When someone is talking to you, Williams says it’s time to clear the decks. What does this mean? You’re only listening to them, either looking at them or zeroing in on their voice while chatting on the phone. Maybe you need to step away from your computer, put down your phone or turn off the TV. “If you’re at work, step into a quiet room or office if there’s too much going on around you. If you’re talking with your spouse and the kids keep interrupting you, go into another room and close the door,” he recommends. In short, you need to be fully present at the moment so you can digest what they’re saying.
Refuse the temptation to chime in.
There’s a difference between zingy, feels-just-right banter and talking over another person. While, in theory, finishing one another’s sentences seems romantic or like a great alignment between business partners, it can come across as having poor listening skills. That’s why psychologist Yvonne Thomas, PhD, says it’s best to keep your lips sealed until the other person has finished their thought. And yes, that means even if you have a big idea, a rebuttal, or something to add. It may feel natural to chime in, but you may actually change your tune or opinion if you actively listen. If you must, Thomas says to jot down your thought. “By doing this, it can calm and reassure you that you won’t forget your thoughts and feelings, and you may feel less stressed or pressured to interrupt.”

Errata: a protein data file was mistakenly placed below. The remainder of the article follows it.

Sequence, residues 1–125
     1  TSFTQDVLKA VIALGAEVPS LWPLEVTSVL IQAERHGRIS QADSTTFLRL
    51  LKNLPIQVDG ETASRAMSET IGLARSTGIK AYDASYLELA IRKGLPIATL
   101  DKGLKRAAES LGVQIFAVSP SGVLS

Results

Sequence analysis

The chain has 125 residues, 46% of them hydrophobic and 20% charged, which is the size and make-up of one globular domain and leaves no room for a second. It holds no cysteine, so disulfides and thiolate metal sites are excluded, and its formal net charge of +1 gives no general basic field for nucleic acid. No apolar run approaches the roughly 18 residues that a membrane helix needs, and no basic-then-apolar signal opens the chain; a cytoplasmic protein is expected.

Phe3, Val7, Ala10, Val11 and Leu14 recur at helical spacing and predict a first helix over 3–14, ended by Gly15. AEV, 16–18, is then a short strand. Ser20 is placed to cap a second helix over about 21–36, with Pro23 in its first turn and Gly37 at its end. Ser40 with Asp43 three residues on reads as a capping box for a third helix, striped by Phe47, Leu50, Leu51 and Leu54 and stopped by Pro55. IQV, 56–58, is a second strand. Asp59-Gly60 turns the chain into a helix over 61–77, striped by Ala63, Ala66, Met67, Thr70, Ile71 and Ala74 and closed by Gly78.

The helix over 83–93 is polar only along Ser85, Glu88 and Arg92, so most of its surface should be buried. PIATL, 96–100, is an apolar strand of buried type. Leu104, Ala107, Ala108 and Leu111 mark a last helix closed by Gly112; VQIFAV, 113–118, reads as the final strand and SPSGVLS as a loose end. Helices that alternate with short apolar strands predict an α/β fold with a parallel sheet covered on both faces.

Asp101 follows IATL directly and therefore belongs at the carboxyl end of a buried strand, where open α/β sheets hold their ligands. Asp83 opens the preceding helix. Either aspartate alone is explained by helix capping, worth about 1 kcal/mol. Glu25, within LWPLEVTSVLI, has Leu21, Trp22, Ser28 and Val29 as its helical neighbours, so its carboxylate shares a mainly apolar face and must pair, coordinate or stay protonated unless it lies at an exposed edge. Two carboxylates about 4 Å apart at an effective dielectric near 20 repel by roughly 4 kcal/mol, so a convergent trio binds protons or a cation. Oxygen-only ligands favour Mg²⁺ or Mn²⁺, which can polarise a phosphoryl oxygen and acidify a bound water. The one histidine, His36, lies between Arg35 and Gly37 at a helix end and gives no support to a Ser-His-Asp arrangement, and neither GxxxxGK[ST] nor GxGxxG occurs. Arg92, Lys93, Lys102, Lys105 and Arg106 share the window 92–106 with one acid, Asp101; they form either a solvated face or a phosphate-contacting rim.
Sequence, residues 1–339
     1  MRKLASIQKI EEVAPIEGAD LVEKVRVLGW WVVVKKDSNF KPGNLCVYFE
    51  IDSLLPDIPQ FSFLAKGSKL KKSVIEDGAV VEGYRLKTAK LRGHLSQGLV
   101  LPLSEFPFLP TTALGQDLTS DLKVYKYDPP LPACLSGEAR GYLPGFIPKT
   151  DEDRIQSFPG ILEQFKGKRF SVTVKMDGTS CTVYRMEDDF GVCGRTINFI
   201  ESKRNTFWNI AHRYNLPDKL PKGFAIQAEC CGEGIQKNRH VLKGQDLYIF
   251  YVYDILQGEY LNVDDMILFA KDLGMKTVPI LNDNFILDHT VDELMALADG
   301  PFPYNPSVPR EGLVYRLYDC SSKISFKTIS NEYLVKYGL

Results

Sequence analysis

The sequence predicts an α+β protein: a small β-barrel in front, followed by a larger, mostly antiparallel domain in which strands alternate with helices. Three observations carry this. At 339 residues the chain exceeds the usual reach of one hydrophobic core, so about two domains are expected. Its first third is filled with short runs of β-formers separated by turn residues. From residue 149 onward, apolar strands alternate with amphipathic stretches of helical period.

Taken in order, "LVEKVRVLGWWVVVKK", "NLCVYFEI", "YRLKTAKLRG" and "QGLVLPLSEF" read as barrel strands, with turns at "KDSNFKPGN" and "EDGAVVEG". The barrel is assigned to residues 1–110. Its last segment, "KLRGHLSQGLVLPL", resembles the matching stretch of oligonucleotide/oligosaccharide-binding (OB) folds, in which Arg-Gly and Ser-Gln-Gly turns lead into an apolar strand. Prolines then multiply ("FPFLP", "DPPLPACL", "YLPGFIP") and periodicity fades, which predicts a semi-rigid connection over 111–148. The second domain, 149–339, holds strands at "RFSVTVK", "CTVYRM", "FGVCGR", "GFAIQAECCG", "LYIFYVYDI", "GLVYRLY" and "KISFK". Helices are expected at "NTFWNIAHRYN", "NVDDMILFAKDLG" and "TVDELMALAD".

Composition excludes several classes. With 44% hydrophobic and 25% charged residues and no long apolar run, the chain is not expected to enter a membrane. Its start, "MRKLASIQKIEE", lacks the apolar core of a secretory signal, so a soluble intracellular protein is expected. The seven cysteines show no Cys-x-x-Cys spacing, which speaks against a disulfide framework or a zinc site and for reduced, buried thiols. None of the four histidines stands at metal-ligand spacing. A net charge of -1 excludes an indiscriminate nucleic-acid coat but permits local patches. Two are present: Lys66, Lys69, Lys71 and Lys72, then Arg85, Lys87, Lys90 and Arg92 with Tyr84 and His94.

Observe their body language.
As Salentri reminds, listening is just as much about what someone says as it is about their actions. That’s why, in order to understand and take in what someone is saying entirely, you should observe them, too. This includes their gestures, their facial impressions, how their body is facing, and so on. While it may be more challenging to do this in a virtual situation, if someone seems nervous or uncomfortable, look for slumped shoulders or a jittery hand. You can wait for them to finish in these instances and then ask them how they’re feeling. This will help them feel more at ease and, hopefully, safe to express themselves.